Eco-Coach

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Managing Water Risk in the Private Sector June 13, 2011

It is becoming increaDroughtsingly clear that lack of access to potable water will lead to one of the next major crises that we will face as a global community.  We are already witnessing the impacts of water scarcity in pockets around the world today, and this dilemma will only worsen with time.  While much of the focus surrounding water favors social and environmental issues, water is important to all sectors of modern society.  To remain competitive, businesses will need to assess the impact of water risk on investments.

Water risk is a lack of water that arises from water scarcity, water pollution, and water competition.  In the private sector, this risk can cause financial disruptions, increase costs, lead to revenue losses, and compromise growth.  Sectors most vulnerable to water risk include the food and beverage industry, the power industry, mining, and some manufacturing.  Water risk poses such a significant threat to business that last year the U.S. Securities and Exchange Commission (SEC) identified water as a potential material use that public companies should disclose to investors.

In line with the SEC’s sentiment, in 2010, the Coalition for Environmentally Responsible Economies (CERES) released a report studying corporate disclosure of water risk (view the full report).  The study looked at the water risk reporting of 100 publicly traded companies across eight of the most water-vulnerable sectors.  The report’s intention is for investors and companies to learn from the reporting practices of these 100 case studies and promote a better understanding of how water risk impacts a company’s operations, supply chains, and products.  But CERES was surprised to find that even in sectors most threatened by water risk, reporting on risk and corporate water performance is weak.  As water quality and scarcity becomes an even more severe issue, companies will be forced to take water risk more seriously.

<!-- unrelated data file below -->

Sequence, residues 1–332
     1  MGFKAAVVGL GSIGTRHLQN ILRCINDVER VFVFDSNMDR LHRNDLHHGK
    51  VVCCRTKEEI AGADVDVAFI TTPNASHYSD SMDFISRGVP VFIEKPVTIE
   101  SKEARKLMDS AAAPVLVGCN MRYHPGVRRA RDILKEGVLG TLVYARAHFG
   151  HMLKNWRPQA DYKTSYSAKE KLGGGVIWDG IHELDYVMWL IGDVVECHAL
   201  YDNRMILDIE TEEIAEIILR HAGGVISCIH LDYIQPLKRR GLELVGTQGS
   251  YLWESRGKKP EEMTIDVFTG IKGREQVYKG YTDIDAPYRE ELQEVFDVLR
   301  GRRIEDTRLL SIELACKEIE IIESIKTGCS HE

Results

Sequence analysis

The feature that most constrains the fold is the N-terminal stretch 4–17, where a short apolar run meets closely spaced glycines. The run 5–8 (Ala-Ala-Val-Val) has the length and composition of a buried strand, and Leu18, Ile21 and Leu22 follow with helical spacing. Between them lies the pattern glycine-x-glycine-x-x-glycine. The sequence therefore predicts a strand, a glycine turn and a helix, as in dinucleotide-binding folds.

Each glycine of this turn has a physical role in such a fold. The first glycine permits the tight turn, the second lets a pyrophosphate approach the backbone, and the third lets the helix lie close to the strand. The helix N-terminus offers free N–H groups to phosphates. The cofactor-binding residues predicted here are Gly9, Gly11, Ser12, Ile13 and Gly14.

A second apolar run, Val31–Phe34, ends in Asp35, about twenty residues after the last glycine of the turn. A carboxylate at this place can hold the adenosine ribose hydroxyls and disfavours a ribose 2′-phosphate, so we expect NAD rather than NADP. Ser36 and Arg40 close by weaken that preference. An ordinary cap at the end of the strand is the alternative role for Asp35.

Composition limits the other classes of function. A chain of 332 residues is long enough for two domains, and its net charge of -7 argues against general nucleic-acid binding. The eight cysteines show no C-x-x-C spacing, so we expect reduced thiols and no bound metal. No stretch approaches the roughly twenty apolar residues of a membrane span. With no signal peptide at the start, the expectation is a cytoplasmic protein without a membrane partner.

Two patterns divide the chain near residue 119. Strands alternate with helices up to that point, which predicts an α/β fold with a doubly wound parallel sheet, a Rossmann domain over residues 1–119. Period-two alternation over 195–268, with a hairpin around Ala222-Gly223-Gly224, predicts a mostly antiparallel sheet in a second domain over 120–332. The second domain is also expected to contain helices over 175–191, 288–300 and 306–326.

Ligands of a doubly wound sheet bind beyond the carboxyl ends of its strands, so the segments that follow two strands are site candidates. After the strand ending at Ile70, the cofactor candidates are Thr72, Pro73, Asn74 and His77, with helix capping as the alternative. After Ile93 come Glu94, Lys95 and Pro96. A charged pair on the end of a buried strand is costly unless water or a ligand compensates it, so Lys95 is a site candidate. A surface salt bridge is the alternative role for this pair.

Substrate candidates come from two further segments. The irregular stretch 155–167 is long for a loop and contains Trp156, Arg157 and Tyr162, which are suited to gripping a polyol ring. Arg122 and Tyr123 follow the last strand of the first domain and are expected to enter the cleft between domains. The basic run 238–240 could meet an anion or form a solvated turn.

Recognizing water’s relationship to future prosperity, the World Resources Institute (WRI), in partnership with Goldman Sachs’ Center for Environmental Markets and General Electric, is developing a Water Index to chart water risk across regions and sectors.  The Water Index will help investors understand and forecast water’s impact on businesses and investments.

The Water Index will rely on publicly available data provide information on water quality and water scarcity indicators.  This data will be presented spatially on interactive map overlays that allow users to compare and combine risk scenarios.  Because water is a local issue, risks will vary by region and sector.  Although some groups have attempted to calculate companies’ water footprints, this is one of the first attempts at quantifying water’s impact on companies.

The pilot project will focus on the water risks of thermal power generation in China.  WRI and its partners hope to highlight potentials for reducing water risk in this sector by providing recommendations for making the sector less vulnerable.  This pilot is just the start of what may prove to be an instrumental tool for aiding corporate water risk reporting and for businesses to ensure future growth and success.

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